And, to complete the trilogy of "Caswin's blogs about Derpy..."
As of this writing, it has been something like two weeks since the controversy began, and four, five days since Amy Keating Rogers explained why Derpy's first (and, to date, only) speaking role was later edited to change her voice, her eyes, and Rainbow Dash's dialogue.
Fans continue to speak out.
Unfortunately, disturbingly often, they are speaking out with questions that have already been answered and claims that are objectively wrong.
There are legitimate reasons to complain, criticisms to be made, and arguments to put forward.
Given that, we should not have to come up with new reasons.
Now that the facts have been laid out, unambiguously and for all to see, I am getting tired of this self-perpetuating parade of outrage. There are things that I'm tired of reading, not because I disagree with them, but because they are literally untrue, or exist only to inflame a problem that has gone on for too long.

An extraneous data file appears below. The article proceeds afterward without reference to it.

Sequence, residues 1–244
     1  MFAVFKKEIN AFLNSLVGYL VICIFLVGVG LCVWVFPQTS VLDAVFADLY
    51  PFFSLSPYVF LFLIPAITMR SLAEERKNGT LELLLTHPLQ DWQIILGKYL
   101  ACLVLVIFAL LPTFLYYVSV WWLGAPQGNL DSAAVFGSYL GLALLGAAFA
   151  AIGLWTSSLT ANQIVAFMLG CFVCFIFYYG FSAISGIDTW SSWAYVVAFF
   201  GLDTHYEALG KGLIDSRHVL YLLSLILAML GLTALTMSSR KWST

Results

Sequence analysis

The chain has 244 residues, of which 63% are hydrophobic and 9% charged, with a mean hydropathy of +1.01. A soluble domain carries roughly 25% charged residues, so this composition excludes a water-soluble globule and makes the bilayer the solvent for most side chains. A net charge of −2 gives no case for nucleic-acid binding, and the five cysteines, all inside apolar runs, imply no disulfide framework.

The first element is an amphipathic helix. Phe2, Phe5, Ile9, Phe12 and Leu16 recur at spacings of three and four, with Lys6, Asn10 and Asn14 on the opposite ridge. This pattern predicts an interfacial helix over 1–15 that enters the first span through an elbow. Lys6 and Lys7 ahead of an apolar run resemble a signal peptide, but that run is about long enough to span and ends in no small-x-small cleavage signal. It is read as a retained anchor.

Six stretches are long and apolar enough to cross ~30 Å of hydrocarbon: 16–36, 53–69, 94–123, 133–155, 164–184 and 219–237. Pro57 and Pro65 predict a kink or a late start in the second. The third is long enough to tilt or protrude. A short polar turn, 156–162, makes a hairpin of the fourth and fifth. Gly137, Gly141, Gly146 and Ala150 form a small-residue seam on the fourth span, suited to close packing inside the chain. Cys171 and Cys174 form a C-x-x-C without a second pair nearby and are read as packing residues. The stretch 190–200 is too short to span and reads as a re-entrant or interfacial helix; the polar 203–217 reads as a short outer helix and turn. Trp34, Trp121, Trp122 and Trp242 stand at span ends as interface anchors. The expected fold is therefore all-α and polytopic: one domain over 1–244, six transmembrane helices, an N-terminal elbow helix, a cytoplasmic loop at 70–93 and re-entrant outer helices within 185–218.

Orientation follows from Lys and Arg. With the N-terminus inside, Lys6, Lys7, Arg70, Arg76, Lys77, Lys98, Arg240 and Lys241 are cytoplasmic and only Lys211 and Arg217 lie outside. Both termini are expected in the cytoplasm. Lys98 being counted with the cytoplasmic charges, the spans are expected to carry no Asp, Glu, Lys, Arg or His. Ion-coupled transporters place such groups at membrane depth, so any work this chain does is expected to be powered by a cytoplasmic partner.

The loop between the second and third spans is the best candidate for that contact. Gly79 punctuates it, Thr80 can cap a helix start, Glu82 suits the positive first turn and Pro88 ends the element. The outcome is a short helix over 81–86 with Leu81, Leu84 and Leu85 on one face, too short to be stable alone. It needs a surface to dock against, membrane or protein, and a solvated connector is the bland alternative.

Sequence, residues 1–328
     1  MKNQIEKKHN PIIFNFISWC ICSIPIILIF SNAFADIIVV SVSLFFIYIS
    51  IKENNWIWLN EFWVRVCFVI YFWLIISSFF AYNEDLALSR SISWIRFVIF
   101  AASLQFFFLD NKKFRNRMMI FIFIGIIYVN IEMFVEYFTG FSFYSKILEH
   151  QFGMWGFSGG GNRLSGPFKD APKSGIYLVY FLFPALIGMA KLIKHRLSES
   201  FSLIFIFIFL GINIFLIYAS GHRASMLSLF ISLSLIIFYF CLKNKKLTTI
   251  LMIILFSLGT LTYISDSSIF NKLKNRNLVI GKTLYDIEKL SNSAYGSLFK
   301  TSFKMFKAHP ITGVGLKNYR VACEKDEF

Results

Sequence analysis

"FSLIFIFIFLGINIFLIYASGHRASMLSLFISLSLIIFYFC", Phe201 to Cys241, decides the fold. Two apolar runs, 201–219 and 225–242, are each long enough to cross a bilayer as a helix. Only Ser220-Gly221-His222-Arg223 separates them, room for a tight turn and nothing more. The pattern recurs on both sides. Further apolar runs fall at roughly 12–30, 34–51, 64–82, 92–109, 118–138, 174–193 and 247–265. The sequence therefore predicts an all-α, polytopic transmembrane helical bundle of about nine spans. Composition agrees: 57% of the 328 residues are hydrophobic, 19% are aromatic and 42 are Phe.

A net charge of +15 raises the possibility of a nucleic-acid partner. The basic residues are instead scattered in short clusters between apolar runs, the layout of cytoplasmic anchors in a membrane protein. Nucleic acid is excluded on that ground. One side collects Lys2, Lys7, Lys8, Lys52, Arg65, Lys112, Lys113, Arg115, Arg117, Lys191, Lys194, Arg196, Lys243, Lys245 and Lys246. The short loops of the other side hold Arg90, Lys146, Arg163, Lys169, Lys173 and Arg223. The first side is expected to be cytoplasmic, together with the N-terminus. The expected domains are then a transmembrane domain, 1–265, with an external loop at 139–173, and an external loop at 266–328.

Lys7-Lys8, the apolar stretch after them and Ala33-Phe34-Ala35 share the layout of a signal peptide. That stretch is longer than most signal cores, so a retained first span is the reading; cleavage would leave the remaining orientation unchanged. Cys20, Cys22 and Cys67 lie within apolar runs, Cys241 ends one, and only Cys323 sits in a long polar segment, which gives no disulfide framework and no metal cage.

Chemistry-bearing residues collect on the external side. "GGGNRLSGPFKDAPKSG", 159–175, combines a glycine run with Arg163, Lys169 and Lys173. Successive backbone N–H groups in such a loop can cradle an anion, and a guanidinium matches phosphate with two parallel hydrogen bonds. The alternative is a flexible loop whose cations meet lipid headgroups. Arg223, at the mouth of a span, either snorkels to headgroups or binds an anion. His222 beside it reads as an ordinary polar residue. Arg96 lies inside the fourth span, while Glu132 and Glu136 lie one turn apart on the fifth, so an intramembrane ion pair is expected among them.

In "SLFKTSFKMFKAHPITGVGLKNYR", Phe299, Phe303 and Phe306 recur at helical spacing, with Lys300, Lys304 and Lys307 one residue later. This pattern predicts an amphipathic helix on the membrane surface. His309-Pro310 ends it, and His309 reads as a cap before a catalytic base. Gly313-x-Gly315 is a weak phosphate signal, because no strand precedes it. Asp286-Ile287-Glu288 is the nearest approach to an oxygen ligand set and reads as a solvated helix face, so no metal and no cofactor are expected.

I want to try to explain what I can, to kill any surviving unsubstantiated rumors, and leave us all with a remainder that we can actually act on. I may be overestimating my influence here, but, well, I just said what I want to accomplish, not that I have any great chance of doing it.
Writing this way doesn't do the cause (whatever it may be, usually "save Derpy") any favors. Don't get me started speculating about how the actual staff of the cartoon must feel over this ongoing controversy. After a brief visit to TV Tropes, I've heard the nickname "Derpygate".
You'd be surprised how much disagreement there is on that...
The official reason for the edit -- and for some reason, as I wrote that, I heard a voice putting air-quotes around it as if there was obviously, a darker, hidden reason -- is that Derpy's portrayal drew complaints from viewers that she represented an unfair stereotype of the mentally disabled.